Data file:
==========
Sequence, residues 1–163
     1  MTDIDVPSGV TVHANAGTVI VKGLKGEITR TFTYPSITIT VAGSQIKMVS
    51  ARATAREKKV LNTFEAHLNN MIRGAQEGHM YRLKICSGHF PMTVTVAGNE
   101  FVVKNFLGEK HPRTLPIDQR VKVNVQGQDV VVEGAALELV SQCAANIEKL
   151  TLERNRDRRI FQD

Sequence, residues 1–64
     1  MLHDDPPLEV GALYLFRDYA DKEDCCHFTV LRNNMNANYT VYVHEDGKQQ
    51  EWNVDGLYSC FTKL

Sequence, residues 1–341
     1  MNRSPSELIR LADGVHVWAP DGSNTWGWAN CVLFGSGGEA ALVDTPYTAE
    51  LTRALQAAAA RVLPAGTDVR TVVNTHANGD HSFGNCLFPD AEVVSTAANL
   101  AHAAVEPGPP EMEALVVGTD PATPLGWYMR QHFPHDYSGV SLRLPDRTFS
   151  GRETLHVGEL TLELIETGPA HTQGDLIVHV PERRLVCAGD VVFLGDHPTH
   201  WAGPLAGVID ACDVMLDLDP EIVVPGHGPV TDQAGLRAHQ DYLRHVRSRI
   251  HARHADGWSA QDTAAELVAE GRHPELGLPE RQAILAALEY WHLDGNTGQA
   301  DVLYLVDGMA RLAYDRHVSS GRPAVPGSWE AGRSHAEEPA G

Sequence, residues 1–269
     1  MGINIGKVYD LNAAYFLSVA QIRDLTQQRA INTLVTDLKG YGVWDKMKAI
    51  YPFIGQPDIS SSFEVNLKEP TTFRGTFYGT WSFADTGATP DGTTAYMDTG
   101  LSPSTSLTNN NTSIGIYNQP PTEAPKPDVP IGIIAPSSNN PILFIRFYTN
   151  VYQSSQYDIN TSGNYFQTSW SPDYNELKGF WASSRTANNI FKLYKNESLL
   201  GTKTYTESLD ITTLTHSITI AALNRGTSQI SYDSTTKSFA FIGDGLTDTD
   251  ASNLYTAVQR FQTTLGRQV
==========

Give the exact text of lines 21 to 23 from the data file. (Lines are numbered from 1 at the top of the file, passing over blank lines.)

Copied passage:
   151  VYQSSQYDIN TSGNYFQTSW SPDYNELKGF WASSRTANNI FKLYKNESLL
   201  GTKTYTESLD ITTLTHSITI AALNRGTSQI SYDSTTKSFA FIGDGLTDTD
   251  ASNLYTAVQR FQTTLGRQV